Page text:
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Page 2: Inside Track: Red Hot Chili Peppers 'Black Summer'

Secrets Of The Mix Engineer: Ryan Hewitt By Paul Tingen
Published July 2022

Patching In

In June 2021, after eight months at Shangri‑La, Hewitt decamped to EastWest studios in Los Angeles for the final mix process. Amazingly, this took another eight months. One reason was the enormous amount of material. In interviews, the band have said that they worked on about 100 songs in total, and ended up recording almost 50.

Inside Track“Yes, there were many songs to mix,” exclaims Hewitt, “but also, mixing on analogue is slow! It’s linear: you cannot work on more than one song at a time, and have to finish the mix of the song you’re working on before you can move to the next one. Some songs took one day to mix, but others took five.

“Also, mixing is a collaborative effort, and everyone had input, and sometimes we’d go off on a tangent, and if it didn’t work, we needed to bring it back to focus. At other times, someone would say, ‘I think there should be something happening here,’ and all of a sudden we were doing an overdub during the mix. It also took time because the band members generally were elsewhere, apart from John who often came in to help mix.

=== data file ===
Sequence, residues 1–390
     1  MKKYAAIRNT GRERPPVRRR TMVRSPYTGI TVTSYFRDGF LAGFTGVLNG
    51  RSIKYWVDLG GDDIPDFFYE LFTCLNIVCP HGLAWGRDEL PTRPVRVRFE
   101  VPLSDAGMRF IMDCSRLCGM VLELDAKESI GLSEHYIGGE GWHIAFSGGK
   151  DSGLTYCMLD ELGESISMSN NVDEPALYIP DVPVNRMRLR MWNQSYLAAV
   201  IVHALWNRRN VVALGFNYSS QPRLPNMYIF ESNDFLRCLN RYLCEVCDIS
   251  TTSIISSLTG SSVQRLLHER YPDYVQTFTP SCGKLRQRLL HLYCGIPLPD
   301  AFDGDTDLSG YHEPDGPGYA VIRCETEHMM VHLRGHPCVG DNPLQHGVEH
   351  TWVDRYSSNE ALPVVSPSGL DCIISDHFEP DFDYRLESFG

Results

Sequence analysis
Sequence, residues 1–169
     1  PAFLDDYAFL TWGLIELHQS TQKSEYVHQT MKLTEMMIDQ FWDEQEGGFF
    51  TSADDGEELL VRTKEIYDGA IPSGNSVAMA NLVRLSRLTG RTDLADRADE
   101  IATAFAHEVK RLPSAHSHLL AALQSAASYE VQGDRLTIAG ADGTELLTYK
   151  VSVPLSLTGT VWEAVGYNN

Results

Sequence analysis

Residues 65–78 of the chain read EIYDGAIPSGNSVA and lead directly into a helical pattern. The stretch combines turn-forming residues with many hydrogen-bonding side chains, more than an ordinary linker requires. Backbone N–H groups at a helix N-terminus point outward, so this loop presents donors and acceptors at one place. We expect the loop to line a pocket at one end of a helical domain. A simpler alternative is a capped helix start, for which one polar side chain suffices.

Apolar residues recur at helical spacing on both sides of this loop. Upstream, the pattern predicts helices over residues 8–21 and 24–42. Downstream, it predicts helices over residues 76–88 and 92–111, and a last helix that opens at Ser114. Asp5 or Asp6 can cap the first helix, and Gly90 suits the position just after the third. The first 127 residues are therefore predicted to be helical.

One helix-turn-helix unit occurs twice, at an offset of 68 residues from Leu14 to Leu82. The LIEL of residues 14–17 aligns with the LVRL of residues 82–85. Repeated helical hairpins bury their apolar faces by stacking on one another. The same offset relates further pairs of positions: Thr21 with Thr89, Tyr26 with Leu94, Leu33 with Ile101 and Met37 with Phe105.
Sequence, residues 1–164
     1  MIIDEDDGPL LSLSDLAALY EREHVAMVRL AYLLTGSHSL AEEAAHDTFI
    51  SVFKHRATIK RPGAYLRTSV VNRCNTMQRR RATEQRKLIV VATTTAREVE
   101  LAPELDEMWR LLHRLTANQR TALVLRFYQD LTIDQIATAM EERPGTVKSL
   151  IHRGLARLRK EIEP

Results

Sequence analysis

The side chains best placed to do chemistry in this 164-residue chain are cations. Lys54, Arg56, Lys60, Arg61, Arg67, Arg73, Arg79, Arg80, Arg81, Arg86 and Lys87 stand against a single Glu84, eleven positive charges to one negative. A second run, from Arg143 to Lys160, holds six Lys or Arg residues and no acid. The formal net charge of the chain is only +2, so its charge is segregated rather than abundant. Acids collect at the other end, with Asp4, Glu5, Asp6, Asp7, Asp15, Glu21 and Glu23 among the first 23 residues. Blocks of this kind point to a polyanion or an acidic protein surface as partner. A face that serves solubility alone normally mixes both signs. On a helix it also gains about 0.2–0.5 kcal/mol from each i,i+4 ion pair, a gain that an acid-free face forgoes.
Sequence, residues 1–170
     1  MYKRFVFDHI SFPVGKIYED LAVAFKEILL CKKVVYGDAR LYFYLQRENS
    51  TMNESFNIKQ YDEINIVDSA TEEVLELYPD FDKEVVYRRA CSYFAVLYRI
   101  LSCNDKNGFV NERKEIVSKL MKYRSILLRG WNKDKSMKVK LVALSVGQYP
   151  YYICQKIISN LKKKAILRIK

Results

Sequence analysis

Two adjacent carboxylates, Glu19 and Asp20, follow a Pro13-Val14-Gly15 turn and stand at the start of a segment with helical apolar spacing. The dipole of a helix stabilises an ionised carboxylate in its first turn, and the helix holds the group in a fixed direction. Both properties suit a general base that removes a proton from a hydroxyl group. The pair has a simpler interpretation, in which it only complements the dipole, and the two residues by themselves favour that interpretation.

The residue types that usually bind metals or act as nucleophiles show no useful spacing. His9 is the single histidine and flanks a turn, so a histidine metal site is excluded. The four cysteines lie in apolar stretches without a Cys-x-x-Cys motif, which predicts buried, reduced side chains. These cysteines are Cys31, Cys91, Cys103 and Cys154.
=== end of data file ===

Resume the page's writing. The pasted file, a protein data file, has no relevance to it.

“John would send me his first mix notes, and then he often would come in and we’d work on a bunch of stuff. We would do treatments like I was talking about before, processing through the modular synthesizer, or very specific reverbs. He’s very particular about reverb, and I learned a lot from him about how to integrate reverbs into a mix.”

“EastWest’s SSL sounds aggressive and punchy, and I used its wonderful EQs and compressors all the time.”“EastWest’s SSL sounds aggressive and punchy, and I used its wonderful EQs and compressors all the time.”Photo: Ted White

The decision to mix at EastWest was taken by Hewitt, who opted for Studio 5, which sports a 64‑Channel SSL 4064 G+ desk with Ultimation. He again used two Studer A827 24‑track tape machines.